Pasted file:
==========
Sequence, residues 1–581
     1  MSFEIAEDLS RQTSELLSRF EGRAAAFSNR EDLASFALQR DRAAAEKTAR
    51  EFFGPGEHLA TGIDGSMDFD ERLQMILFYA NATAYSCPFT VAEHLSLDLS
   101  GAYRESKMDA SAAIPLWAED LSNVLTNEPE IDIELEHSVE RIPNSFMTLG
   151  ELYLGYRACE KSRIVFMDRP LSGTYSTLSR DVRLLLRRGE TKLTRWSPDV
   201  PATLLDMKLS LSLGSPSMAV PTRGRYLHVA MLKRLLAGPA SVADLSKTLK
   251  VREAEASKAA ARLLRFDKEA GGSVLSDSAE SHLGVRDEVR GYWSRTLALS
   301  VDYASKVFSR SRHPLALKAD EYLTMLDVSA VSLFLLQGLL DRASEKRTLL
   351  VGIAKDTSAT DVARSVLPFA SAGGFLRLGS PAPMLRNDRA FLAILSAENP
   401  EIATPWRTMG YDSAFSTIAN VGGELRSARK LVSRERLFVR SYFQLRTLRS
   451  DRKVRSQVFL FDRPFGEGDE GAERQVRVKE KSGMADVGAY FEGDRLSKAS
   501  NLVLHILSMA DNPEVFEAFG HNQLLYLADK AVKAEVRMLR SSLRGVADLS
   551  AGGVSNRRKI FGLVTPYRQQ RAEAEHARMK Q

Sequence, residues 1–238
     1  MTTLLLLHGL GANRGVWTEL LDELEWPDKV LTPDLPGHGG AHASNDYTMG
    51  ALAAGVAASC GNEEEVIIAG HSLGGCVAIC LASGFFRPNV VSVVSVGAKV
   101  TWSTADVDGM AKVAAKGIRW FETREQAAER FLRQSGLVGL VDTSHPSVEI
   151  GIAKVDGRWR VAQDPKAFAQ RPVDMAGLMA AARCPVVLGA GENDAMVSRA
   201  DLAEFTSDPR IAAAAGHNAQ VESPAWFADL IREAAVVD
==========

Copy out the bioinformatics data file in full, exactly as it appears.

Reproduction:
Sequence, residues 1–581
     1  MSFEIAEDLS RQTSELLSRF EGRAAAFSNR EDLASFALQR DRAAAEKTAR
    51  EFFGPGEHLA TGIDGSMDFD ERLQMILFYA NATAYSCPFT VAEHLSLDLS
   101  GAYRESKMDA SAAIPLWAED LSNVLTNEPE IDIELEHSVE RIPNSFMTLG
   151  ELYLGYRACE KSRIVFMDRP LSGTYSTLSR DVRLLLRRGE TKLTRWSPDV
   201  PATLLDMKLS LSLGSPSMAV PTRGRYLHVA MLKRLLAGPA SVADLSKTLK
   251  VREAEASKAA ARLLRFDKEA GGSVLSDSAE SHLGVRDEVR GYWSRTLALS
   301  VDYASKVFSR SRHPLALKAD EYLTMLDVSA VSLFLLQGLL DRASEKRTLL
   351  VGIAKDTSAT DVARSVLPFA SAGGFLRLGS PAPMLRNDRA FLAILSAENP
   401  EIATPWRTMG YDSAFSTIAN VGGELRSARK LVSRERLFVR SYFQLRTLRS
   451  DRKVRSQVFL FDRPFGEGDE GAERQVRVKE KSGMADVGAY FEGDRLSKAS
   501  NLVLHILSMA DNPEVFEAFG HNQLLYLADK AVKAEVRMLR SSLRGVADLS
   551  AGGVSNRRKI FGLVTPYRQQ RAEAEHARMK Q

Sequence, residues 1–238
     1  MTTLLLLHGL GANRGVWTEL LDELEWPDKV LTPDLPGHGG AHASNDYTMG
    51  ALAAGVAASC GNEEEVIIAG HSLGGCVAIC LASGFFRPNV VSVVSVGAKV
   101  TWSTADVDGM AKVAAKGIRW FETREQAAER FLRQSGLVGL VDTSHPSVEI
   151  GIAKVDGRWR VAQDPKAFAQ RPVDMAGLMA AARCPVVLGA GENDAMVSRA
   201  DLAEFTSDPR IAAAAGHNAQ VESPAWFADL IREAAVVD